Advocacy Group Continues Call for Restoration of North Adams Hospital
NORTH ADAMS, Mass. — Two years after the closure of North Adams Regional Hospital, advocates are still pushing to expand services and bring back a "full-service hospital."
Several dozen gathered at City Hall on Monday afternoon to remind local and state officials and to send the message that they were not giving up.
"Berkshire Medical Center has done a wonderful job providing us with some outpatient services ... they really don't meet the needs of this community," said James Lipa of the North County Cares Coalition. "The Stroudwater Report outlined our community as being the poorest amd most elderly in Western Massachusetts ...
"The wellness center that's up there really doesn't meet the needs of that community. What we really need is a small hospital along the lines of Fairview Hospital in Great Barrington that's all we're asking."
The coalition, which has been meeting faithfully every Tuesday since the hospital's abrupt closure almost exactly two years ago, also plans to send 600 signed postcards with notes to the governor's office.
Donna Motta said she and her family moved here not long after the closing and they've been trying to find answers. They made a point of being at Monday's rally and plan to become more involved.
"We have to be heard, it's that important," she said.
Rachel Branch, whose great-grandfather donated the land for the hospital, demanded on behalf of her family and the community that the hospital be restored — including its name.
The former 100-bed hospital served a population in Northern Berkshire and Southern Vermont of about 37,000 with an emergency department, surgical suites, maternity and other health-related services. While the hospital was in the black, its parent health system was struggling under a mountain of debt when it closed.
Berkshire Medical Center opened a satellite emergency facility within months of the closure and later purchased the bankrupt hospital and its related assets. Since then, it has restored the visiting nurse and hospice care services, a walk-in care center for current patients, labs, imaging services, endoscopy and a number of outpatient surgical services, several outpatient wellness services and a cafe.
It's also added two observational beds in the emergency facility.
But advocates are calling for BMC and its parent company, BHS, to go further in providing at least 10 to 20 beds along the lines of Fairview Hospital to expand inpatient services and to return maternity services. A gap in mental health services was also made by NARH's closure of Greylock Pavilion.
They frequently point to the Stroudwater Report, a state-commissioned survey of health care needs in North County designed to guide the resurrection of medical services. The 102-page report recommended keeping emergency care in North Adams and expanding on primary care — but not adding inpatient beds until the facility could get the federal Critical Access designation that would raise its Medicare payments.
BMC officials have so far deferred from addressing whether they would reapply (NARH had been previously rejected) or if it was even possible to apply at this point.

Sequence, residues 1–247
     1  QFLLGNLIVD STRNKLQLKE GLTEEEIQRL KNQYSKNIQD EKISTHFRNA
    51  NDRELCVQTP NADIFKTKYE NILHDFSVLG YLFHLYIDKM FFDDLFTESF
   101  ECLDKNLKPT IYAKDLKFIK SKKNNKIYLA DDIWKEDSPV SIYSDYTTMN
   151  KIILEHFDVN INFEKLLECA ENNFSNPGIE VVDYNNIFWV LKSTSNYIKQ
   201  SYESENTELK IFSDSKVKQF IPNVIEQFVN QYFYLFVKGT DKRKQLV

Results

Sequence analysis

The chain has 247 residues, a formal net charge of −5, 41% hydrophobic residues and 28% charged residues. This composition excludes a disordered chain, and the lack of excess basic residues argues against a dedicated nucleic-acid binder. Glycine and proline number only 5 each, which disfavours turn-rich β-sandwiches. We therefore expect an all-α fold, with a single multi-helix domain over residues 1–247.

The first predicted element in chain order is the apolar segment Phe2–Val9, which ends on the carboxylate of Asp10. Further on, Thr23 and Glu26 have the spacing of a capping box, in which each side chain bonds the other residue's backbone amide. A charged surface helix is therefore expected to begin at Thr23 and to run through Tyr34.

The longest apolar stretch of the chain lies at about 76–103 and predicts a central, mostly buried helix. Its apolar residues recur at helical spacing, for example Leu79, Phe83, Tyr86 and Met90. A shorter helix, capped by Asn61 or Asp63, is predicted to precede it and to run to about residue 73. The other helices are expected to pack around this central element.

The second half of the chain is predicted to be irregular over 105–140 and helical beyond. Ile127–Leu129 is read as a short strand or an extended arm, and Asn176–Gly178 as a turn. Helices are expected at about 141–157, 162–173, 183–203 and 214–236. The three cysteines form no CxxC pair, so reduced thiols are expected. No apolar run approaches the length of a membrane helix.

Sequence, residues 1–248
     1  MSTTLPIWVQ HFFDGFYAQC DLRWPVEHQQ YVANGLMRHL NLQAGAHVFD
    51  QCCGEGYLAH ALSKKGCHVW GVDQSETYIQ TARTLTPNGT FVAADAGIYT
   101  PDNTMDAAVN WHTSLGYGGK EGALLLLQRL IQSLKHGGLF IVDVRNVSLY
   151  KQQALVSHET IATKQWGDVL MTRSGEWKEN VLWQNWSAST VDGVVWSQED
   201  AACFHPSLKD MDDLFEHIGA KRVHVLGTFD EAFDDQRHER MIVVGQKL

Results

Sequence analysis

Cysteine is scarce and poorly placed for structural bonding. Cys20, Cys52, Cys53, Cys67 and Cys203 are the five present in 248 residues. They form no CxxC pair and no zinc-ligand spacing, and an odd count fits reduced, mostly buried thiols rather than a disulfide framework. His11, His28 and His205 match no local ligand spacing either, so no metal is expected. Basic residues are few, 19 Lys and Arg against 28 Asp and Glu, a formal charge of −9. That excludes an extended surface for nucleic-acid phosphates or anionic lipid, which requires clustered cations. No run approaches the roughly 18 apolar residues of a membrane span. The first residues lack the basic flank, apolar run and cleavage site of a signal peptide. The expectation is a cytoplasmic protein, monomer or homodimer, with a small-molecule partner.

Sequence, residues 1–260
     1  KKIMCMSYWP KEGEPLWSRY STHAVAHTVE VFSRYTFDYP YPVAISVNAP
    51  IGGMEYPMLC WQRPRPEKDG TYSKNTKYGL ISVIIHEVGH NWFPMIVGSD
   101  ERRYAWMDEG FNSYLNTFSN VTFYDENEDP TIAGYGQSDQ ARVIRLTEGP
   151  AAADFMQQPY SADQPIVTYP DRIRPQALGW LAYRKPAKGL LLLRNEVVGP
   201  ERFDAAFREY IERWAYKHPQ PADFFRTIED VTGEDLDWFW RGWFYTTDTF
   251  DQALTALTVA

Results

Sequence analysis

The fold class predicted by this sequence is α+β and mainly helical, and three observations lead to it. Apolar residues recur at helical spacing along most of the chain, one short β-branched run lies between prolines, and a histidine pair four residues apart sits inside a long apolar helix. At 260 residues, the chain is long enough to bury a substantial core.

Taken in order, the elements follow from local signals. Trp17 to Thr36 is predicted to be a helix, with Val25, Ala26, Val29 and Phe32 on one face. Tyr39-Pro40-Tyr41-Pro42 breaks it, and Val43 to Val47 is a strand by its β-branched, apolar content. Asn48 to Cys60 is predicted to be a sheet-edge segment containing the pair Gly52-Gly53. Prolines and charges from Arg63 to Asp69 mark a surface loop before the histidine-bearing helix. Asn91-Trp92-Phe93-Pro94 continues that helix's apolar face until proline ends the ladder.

State Rep. Gailanne Cariddi, D-North Adams, said maybe it was time to drop the report on Gov. Charlie Baker's desk and ask "how can we make this happen?"
"What are the dots that are going to connect it back to that? If we give BHS more money?" she said.
A ballot measure being pushed by Service Employees International Union, and a somewhat similar measure filed on Beacon Hill, would lower payments to higher-priced hospitals and boost payments to community hospitals.
"The bill that's in play is certainly something that would help bring back services here, services that we've lost," said Cariddi.
The lack of inpatient services is also weighing heavier on area's low-income and elderly population who have to make the trek to BMC in Pittsfield.
"We're speaking on behalf of the community and there's a need, a direct need, for all these people," said Mary Marlowe, a nurse who now works for BMC's North Adams Campus after more than 35 years at NARH. "The people we serve need better access. I work with them, I hear the stories ... I took care of the person who had to take the B Bus to get her procedure and had to take a cab home."
The loss of the more than century-old hospital has been seen as an economic as well as a health care issues. Some 500 full and part-time jobs were initially lost in the closure and, while many have been rehired by BMC, there's still been a net loss.
Cariddi worries if young people looking to move to the area might consider if their hospital's in Bennington, Vt., why not move there?
"We want to welcome young people who want to have families and roots here to try to stem our loss of population," she said. "That's one of the pieces of the puzzle."
For many, it's a matter about both morality and equality.
"There's a full-service hospital in Great Barrington, there's a full-service hospital in Pittsfield," said Dick Dassatti. "They have the responsibility to provide the same level of care to the residents of North County."
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